A study done by Mark Evarts, published in 1967, shows a different type of notation after hearing Native American melodies.3  For example, the first melody is titled “A Bear Song of Peter Wood” and “Old Hand Game Song” and explains the story behind these songs by analyzing through explanation with only a bit of notation. Evarts writes that the song symbolizes two opposite parties in war which is acted out emotionally and song on “meaningless” syllables. Evarts says meaningless but how do we know it is or isn’t? He writes the words below and attempts to show the song in stanzas. I believe it is better notation than completely composing it to look Western-styled.

Overall, I feel that as society progresses, the understanding of other cultures’ music will continue to grow with respectful and helpful learning. We have to be able to understand through two different perspectives, ours and theirs, to get as complete of a picture as possible. We will not always be able to understand the meaning or why one part of the song says a certain word, but we can treat them as humans.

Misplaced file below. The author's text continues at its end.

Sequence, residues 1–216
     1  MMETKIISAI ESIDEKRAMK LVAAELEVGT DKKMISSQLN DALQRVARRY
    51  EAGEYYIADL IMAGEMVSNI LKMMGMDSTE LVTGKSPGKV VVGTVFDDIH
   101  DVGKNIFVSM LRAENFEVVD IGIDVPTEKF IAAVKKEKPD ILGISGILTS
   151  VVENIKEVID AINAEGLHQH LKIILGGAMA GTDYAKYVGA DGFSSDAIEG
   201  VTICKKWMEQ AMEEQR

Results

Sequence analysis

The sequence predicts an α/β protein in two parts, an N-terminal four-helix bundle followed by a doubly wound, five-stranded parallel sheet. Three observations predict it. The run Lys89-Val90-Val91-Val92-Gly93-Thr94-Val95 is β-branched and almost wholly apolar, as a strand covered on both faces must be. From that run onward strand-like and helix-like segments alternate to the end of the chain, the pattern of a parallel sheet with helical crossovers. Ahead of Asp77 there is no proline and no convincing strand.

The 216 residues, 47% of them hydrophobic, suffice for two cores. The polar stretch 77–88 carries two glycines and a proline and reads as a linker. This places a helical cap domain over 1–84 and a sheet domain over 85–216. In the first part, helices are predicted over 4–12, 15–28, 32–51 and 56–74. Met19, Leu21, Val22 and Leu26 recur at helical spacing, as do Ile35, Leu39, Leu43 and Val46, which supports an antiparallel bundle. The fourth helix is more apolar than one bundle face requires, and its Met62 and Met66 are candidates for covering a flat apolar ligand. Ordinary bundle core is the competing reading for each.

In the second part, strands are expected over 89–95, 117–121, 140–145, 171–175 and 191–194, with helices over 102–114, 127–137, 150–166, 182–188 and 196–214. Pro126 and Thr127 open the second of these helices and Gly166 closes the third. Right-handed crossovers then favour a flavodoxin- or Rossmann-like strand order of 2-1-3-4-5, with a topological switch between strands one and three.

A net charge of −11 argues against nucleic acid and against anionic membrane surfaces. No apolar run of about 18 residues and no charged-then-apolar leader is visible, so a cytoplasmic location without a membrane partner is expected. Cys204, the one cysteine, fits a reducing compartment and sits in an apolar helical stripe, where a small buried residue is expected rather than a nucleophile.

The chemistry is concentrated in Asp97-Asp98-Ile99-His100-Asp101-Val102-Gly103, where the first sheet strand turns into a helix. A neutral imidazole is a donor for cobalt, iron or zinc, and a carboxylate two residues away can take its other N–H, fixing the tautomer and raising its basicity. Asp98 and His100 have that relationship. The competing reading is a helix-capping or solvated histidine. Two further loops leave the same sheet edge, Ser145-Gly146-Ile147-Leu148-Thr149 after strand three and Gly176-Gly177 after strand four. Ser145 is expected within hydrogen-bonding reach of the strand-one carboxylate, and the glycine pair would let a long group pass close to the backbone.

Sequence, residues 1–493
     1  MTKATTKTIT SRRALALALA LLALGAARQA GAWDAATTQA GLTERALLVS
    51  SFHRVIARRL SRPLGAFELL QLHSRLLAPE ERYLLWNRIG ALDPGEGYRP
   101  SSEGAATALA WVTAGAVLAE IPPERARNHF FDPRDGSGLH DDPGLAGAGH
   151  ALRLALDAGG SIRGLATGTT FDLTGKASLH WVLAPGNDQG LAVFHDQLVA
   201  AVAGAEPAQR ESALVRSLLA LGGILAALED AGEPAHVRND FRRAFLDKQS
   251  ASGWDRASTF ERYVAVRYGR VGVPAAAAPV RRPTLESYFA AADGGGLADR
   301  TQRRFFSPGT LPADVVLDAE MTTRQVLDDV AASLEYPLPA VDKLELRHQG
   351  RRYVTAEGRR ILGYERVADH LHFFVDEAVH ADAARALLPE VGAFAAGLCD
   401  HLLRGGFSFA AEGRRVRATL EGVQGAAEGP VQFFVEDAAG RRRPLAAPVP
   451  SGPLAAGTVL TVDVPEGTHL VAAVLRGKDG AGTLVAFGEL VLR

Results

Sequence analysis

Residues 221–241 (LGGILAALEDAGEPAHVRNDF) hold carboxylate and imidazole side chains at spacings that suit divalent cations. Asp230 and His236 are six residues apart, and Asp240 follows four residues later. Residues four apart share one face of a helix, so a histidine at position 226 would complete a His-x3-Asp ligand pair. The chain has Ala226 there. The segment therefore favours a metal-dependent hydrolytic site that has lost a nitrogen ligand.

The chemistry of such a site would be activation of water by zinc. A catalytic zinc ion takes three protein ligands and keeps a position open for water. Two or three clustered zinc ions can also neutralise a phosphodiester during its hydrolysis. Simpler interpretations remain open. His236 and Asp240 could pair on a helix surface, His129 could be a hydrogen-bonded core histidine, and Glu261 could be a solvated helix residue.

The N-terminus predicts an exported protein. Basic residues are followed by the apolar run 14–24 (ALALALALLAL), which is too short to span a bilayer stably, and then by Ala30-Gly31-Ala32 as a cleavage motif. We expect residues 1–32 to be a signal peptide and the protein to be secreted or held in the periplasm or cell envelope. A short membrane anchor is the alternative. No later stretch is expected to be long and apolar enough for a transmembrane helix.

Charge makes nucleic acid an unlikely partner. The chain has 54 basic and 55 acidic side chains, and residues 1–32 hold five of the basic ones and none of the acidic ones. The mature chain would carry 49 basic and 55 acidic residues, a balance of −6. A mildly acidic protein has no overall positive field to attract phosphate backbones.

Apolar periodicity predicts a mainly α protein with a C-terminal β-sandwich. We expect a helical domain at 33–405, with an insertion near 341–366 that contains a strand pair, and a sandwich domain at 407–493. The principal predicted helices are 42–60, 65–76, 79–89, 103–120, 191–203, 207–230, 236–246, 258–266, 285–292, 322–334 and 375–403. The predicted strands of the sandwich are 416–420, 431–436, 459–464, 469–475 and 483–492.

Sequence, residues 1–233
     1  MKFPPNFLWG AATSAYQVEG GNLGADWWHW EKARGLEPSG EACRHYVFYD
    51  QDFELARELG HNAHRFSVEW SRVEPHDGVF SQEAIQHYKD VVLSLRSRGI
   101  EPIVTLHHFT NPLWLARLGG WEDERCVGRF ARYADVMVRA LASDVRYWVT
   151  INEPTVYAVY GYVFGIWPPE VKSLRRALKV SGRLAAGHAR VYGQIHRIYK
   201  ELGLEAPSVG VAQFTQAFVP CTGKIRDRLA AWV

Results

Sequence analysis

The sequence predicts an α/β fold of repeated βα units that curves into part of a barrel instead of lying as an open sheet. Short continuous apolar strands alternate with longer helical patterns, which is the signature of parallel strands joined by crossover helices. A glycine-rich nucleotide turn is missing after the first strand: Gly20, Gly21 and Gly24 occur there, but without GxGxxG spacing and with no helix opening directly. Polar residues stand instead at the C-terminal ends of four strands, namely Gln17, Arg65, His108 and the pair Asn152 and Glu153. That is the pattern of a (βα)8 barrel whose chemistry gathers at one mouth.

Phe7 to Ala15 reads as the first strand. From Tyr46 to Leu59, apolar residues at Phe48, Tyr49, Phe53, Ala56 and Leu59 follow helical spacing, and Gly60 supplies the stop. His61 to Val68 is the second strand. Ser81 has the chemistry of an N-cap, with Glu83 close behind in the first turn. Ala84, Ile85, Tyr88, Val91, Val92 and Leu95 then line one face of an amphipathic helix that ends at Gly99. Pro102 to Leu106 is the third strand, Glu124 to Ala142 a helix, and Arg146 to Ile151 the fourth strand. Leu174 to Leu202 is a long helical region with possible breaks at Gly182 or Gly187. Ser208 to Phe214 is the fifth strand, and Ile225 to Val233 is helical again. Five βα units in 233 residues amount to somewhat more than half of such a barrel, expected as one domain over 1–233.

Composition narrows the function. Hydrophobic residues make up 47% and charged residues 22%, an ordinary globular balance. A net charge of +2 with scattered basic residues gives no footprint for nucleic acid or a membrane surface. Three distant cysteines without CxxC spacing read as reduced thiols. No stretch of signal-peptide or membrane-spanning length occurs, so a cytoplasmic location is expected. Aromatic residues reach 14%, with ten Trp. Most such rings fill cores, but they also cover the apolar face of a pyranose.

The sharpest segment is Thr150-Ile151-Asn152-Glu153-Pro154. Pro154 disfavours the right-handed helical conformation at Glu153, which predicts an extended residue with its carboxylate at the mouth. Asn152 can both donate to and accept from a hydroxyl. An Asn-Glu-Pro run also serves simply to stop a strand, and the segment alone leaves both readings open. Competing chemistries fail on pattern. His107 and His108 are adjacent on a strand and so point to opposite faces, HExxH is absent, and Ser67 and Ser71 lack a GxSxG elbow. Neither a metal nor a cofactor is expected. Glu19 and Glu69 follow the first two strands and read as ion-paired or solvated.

1  Frances Densmore, Pawnee Music (New York: Da Capo Press, 1972 [1929])

2 Ratified Indian Treaty 92: Grand Pawnee – St. Louis, June 18, 1818. The Indigenous Digital Archive. https://digitreaties.org/treaties/treaty/162559362/

3 Evarts, Mark. “Music of the Pawnee – Sung by Mark Everts. Internet Archive. (Folkways Records; Kahle-Austin Foundation, 1967).

Ethicality of Researching Native American Tribes